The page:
God of War

Published Categorized as Games
God of War cover art

I had such a great time playing God of War.

I very quickly got drew into this world and felt myself being channelled through Kratos’ immense power. For a large percentage of this game I was Kratos. I think this was due largely with how the game never once took me out of the immersion. I don’t remember ever seeing a loading screen, save for the initial loading of the game.

The relationship between Kratos and his son Atreus was an emotional and thoroughly entertaining one to see unfold. I went into God of War without knowing anything about any of the previous games. So Kratos’ character was completely new to me; any references to previous events, or any moments that he goes against any previous perceptions of him, would have been lost on me unfortunately.

I kinda wish now that I’d held off and played those earlier games first now.

But nonetheless, this game still hit me right in the feels at multiple times.

There isn’t any prerequisite to have played those earlier games either, as the story is self-contained, and is really about a father and his son going on this journey together — both literally and figuratively.

More widely speaking, I think the game is about family and parenthood in general — about what it means to be a family and what we would do for them, and what we would be prepared to give up to see our children safe.

The First 3 Captures

The World is stunning

The world in God of War is so beautiful. And the sense of scale it has is just breathtaking.

I can still remember the first time I saw the world serpent and just how massive it was. It’s body can be seen wrapping around most of the lake of nine (the game’s central area). Whilst it’s head can be seen out in the distance, blocking a portion of the sky off.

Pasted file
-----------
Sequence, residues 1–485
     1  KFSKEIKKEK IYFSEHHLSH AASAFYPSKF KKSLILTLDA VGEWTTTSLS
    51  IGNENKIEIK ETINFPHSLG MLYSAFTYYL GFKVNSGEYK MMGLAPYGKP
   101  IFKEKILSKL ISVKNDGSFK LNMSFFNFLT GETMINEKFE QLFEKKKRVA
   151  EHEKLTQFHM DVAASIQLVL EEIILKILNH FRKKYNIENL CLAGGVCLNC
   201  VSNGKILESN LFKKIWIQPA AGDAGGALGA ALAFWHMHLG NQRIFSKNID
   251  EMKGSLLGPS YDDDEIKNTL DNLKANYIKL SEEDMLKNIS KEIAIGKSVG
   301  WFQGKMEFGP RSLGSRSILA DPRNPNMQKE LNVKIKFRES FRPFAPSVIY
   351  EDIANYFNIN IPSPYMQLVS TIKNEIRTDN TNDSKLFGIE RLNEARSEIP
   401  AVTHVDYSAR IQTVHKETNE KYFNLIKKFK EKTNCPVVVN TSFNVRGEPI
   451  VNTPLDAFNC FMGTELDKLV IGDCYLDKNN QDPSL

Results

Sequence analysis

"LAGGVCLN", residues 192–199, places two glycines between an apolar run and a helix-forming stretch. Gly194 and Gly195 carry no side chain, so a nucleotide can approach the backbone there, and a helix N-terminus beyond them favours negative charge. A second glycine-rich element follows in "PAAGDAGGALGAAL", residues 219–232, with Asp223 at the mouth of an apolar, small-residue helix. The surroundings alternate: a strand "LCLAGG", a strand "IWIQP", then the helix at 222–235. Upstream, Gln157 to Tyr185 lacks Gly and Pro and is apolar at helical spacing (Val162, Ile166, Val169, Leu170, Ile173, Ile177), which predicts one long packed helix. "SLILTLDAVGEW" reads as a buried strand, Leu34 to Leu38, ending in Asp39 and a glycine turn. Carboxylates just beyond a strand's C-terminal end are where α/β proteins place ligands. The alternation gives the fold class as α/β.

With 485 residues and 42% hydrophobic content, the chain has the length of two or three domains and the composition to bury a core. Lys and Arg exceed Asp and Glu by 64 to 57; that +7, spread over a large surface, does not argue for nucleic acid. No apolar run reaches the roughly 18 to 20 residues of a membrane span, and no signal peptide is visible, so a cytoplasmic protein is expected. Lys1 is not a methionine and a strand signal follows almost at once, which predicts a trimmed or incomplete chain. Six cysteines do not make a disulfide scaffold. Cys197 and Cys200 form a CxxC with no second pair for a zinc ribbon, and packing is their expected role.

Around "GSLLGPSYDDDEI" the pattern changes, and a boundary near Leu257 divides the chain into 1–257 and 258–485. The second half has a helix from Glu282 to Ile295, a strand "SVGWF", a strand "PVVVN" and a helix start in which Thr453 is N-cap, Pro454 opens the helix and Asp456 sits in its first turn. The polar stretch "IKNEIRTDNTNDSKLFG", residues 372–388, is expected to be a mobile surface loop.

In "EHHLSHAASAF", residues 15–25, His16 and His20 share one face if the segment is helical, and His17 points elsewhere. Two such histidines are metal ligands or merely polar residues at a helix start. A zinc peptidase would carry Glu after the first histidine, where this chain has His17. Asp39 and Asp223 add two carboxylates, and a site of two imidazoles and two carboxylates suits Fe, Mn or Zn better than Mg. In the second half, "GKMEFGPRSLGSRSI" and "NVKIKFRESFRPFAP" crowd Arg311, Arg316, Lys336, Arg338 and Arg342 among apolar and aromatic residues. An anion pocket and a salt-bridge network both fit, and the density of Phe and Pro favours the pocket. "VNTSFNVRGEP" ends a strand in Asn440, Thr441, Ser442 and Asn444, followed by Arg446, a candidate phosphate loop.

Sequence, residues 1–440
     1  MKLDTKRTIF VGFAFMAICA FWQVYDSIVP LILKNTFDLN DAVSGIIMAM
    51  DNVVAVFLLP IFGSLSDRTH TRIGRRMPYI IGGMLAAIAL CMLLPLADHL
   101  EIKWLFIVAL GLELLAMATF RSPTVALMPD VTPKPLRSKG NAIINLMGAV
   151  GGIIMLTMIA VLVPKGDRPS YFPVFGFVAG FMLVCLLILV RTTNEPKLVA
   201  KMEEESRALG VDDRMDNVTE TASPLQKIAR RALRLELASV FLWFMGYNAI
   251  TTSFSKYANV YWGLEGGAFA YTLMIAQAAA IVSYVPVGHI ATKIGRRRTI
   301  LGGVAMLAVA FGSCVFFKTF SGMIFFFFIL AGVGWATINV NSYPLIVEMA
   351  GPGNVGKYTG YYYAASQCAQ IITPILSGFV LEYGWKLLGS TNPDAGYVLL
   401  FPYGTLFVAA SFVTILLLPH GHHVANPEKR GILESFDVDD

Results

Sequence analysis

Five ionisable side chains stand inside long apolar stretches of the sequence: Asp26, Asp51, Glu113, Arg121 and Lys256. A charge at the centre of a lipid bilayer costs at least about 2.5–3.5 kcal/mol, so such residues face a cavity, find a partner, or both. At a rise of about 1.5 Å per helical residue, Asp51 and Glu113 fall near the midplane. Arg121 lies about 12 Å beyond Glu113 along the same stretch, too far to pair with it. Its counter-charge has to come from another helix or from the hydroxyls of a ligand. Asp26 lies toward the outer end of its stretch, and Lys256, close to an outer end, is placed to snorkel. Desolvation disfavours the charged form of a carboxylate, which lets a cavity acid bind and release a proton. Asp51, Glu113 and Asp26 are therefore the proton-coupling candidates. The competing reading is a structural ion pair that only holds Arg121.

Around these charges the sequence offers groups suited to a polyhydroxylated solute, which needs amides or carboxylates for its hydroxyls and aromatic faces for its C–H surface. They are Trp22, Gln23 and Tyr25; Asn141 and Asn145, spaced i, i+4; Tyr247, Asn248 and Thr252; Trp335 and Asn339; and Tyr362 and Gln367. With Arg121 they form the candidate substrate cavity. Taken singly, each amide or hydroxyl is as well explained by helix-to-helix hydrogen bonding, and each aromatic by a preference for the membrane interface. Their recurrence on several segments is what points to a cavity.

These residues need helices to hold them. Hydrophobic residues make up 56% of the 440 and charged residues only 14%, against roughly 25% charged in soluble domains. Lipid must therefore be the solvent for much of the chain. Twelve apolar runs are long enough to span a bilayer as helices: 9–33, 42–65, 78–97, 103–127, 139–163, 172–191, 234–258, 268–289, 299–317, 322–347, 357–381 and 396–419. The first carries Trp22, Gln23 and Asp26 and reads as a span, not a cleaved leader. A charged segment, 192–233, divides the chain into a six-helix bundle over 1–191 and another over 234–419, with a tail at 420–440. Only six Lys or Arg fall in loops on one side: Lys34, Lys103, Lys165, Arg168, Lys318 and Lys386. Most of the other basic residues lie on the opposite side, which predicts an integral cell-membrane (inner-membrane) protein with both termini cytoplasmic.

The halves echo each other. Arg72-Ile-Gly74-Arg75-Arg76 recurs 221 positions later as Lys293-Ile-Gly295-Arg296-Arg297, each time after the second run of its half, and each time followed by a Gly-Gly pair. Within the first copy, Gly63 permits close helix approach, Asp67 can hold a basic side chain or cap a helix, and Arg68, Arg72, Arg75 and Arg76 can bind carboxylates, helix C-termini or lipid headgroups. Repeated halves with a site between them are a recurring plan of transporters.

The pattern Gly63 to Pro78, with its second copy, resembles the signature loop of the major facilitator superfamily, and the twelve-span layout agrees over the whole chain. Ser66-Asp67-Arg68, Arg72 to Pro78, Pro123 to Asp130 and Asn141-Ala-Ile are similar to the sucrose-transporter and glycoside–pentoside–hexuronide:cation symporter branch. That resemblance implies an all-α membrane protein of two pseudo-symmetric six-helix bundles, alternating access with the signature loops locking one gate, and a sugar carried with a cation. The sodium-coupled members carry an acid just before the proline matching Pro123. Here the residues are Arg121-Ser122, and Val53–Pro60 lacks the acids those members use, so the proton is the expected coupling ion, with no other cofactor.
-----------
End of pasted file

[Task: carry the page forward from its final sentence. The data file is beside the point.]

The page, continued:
There is a variety of areas that must be passed through in order to reach your ultimate destination: Mining caverns through mountains; Wide open expanses of water to be fully explored; dangerous forests and ruined temples; and the highest peaks in all of the realms.

The game lets you decide at many points whether to continue along the game’s main story or go out and explore. I chose to explore a lot of the time and am glad I did. The world has many secret areas to discover and puzzles that when solved, will give you items that will greatly help you on your quest.

I found the inclusion of a “realm within realms” which you must run through when “fast travelling” between areas was actually really clever. As a developer I can imagine this being a neat way of loading in the next area whilst running this small path.

The combat is insane

The combat in God of War is mental to say the least. Your main weapon is the Leviathan Axe which can be thrown and then summoned back to your hand at will — exactly like Thor’s hammer.

Not only does Kratos’ Axe open up a whole manner of creative ways to take out enemies, but it is used often in the puzzles you will encounter. It has the ability to freeze what it touches, which can be used in certain places to gain access to otherwise inaccessible places.

Not only is there Kratos though, but his son also. By pressing the “square” button you can command Atreus to fire an arrow in battle. You can leave him to fire as he likes, but you’ll find that there are many opportunities to create clever strategies when using both characters to their fullest.

As you gain XP you will be able to unlock many skills for both Kratos and Atreus, as well as upgrade and enchant armour to help you in battle. I wont lie, I found all of the different fight moves a little intimidating. In fact, I found myself button-mashing through most encounters of more than three enemies.

I found the difficulty challenging too (in a good way). I started the game on “normal” but had to downgrade it to “easy”. And even on easy the game was a challenge for me. I dare say if I’d committed the time to learning the moves that are possible and getting them in as muscle-memory I would have found it a bit more easy-going.

In Summary

If you enjoy action-focused games with a deeply emotional tug, then you need to play God of War. Every person I’d spoke to before playing it told me about how good it was and that it only gets better as you progress — and they were all correct.

Not only does this game get increasingly good the further through the story you get, but I have a feeling it will get better with age too.